After Rescuing Girl From Polluted River, Chinese Policeman Gets Sick

By Cassie Ryan
Cassie Ryan
Cassie Ryan
May 24, 2013 Updated: June 1, 2013

A police officer ended up ill in hospital after jumping into a filthy river in Zhejiang Province to rescue a 14-year-old girl trying to commit suicide.

Zhang Guangcong, 51, dived beneath the severely polluted water three times to reach the teenager, who had sunk below the surface of the river in Wenzhou City.

He told the Metro Express that the water was so dirty he kept his eyes closed the whole time, and relied on instinct to find her. 
A few hours later, Zhang began to cough and vomit, and went to the hospital the next day with other symptoms like dizziness, and skin irritation. He was diagnosed with a severe lung infection, probably caused by bacteria from the dirty water.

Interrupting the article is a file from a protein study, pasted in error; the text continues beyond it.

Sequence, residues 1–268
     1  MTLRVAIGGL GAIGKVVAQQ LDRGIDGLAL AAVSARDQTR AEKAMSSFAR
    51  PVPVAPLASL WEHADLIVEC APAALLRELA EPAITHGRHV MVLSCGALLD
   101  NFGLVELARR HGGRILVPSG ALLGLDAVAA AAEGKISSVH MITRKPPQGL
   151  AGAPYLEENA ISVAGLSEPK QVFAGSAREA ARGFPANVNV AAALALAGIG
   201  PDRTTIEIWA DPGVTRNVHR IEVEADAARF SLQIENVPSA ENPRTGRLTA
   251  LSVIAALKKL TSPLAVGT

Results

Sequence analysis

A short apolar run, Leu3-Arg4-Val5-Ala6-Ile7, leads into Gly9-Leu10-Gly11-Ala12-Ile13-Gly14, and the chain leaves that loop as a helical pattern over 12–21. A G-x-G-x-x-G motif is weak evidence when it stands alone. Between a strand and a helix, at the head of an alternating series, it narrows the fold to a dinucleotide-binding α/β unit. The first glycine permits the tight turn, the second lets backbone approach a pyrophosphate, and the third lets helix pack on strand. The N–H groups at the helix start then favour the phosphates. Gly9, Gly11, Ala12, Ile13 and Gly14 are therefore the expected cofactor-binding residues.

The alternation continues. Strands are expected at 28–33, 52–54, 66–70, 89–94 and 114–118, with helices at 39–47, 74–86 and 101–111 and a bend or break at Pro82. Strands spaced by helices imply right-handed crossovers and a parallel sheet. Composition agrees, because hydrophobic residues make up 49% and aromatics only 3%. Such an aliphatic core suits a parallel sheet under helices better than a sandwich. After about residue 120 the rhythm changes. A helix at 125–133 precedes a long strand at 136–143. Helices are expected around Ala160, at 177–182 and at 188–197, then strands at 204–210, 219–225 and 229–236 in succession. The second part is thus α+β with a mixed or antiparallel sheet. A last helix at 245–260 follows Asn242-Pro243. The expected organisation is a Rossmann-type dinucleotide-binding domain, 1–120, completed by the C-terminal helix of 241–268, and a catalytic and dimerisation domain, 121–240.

According to the Express, that part of the river is black with pollution, and has a terrible stench. The banks are covered in rotten food and other domestic waste, and there are rats running around during the day.

An elderly local called Mr. Lin told the media that he used to wash his clothes in the river, but now no one dares go near the water. He added: “A badge factory discharges its electroplating waste directly into the river; they were sued by residents over 10 years ago, but they kept on doing it anyway.”

Internet users praised Zhang’s heroism, and some said the Environmental Protection Bureau should make a “formal apology,” after the local chief failed to visit Zhang in hospital.

A netizen remarked on Tianya, a popular online forum: “The Environmental Protection Bureau is powerless on certain issues, as higher authorities are only interested in economic development. How could the bureau go against the will of their higher-ups? It is just like a deaf person’s ear, if not already an accomplice.”

In February, a wealthy blogger in Zhejiang Province offered the head of Ruian City’s EPB 200,000 yuan ($32,000) to swim in a contaminated river for at least 20 minutes, after he had denied water quality problems. The official refused the offer, saying his bureau was “not responsible” for the pollution.

With research by Tan Hohwa

Cassie Ryan